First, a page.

There is a combination of symptoms that are directly related to an overactive bladder. These symptoms can significantly impact a person’s quality of life, so they should be taken seriously. If you are caring for someone that begins to show signs of any of these symptoms, consider starting a conversation with them and discuss seeking medical advice.

Urge Incontinence

A strong, sudden, and unintentional urge to urinate is called urge incontinence. The bladder muscles involuntarily contract and cause an immediate urge to urinate, sometimes resulting in leakage of urine. Urge incontinence can be caused by constipation, stroke, multiple sclerosis, or any other health condition that can affect a person’s bladder to properly hold urine.


Having the need to get up frequently throughout the night is referred to as nocturia. This can be a very tiring and frustrating symptom of an overactive bladder. A person with nocturia will likely lack a good night’s rest, affecting their alertness and activity levels throughout the day. Addressing nocturia as a symptom of OAB is important before it starts to affect a person’s productivity and relationships.

Frequent Urination

woman running to the toilet because of overactive bladder symptomsFrequent urination occurs when someone finds themselves using the restroom many more times than normal within a 24-hour period of time. Underlying health conditions such as diabetes, prostate issues, or urinary tract infections can cause frequent urination and should not be ignored. Treatment of those conditions can possibly eliminate this symptom altogether. Avoiding addressing this symptom of OAB can disturb one’s daily routine as well as lead to nocturia, disrupting sleep.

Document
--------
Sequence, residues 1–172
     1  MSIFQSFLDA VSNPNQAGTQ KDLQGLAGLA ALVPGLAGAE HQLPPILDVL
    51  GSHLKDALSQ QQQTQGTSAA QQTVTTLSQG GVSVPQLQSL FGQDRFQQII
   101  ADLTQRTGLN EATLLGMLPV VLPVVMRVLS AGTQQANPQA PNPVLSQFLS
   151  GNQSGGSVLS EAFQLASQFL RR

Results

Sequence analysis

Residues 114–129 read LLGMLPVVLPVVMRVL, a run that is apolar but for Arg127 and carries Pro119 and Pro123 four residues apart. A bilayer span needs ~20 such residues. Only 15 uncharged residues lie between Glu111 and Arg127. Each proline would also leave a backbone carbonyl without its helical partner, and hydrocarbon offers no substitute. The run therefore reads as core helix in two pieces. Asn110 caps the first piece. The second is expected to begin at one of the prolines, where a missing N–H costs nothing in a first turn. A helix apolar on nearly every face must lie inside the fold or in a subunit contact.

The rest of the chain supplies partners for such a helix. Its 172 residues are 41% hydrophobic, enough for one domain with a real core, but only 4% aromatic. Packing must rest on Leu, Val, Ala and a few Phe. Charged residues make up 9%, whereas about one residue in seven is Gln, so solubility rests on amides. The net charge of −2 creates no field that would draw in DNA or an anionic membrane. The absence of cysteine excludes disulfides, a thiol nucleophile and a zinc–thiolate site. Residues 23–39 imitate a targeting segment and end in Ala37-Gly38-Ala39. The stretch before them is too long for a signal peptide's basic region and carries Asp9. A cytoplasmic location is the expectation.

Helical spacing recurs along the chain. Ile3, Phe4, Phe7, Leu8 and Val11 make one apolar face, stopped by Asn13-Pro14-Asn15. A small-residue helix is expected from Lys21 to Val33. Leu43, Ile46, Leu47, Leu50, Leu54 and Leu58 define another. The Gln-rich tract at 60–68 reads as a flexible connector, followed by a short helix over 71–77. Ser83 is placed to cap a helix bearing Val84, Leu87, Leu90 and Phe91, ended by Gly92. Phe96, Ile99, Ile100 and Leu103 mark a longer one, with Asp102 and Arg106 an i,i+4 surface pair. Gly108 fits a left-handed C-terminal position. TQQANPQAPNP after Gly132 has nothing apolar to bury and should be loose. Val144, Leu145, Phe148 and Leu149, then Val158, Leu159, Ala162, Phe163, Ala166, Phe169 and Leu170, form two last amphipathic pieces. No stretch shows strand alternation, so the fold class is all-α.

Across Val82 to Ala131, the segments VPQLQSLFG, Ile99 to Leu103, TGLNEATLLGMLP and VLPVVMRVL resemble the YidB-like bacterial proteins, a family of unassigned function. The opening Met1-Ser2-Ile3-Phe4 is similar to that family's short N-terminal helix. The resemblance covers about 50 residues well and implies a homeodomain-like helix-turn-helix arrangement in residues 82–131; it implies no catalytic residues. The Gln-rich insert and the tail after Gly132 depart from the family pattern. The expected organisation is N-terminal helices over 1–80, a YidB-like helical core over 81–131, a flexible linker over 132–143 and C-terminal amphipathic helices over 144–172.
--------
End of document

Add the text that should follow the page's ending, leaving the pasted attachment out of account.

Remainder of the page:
What Causes Overactive Bladder?

Although some specific causes are still unknown, here are some examples of  health conditions that can cause overactive bladder:

  • Bladder stones and tumors can cause abnormalities in the bladder and lead to OAB. These bladder stones and tumors can block the flow of urine, causing pain and/or frequent urination.
  • Diabetes causes damage to the blood vessels and nerves resulting in the inability to control the bladder muscles. Because of the excess glucose in the blood, the kidney reacts and produces more urine, causing frequent urination.